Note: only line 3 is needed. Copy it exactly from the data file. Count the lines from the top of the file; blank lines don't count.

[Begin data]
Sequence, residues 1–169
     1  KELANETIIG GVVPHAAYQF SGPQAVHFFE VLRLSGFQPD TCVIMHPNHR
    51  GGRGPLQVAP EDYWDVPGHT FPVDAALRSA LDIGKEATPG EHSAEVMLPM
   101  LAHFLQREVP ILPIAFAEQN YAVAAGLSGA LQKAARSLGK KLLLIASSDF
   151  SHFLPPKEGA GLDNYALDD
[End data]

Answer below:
    51  GGRGPLQVAP EDYWDVPGHT FPVDAALRSA LDIGKEATPG EHSAEVMLPM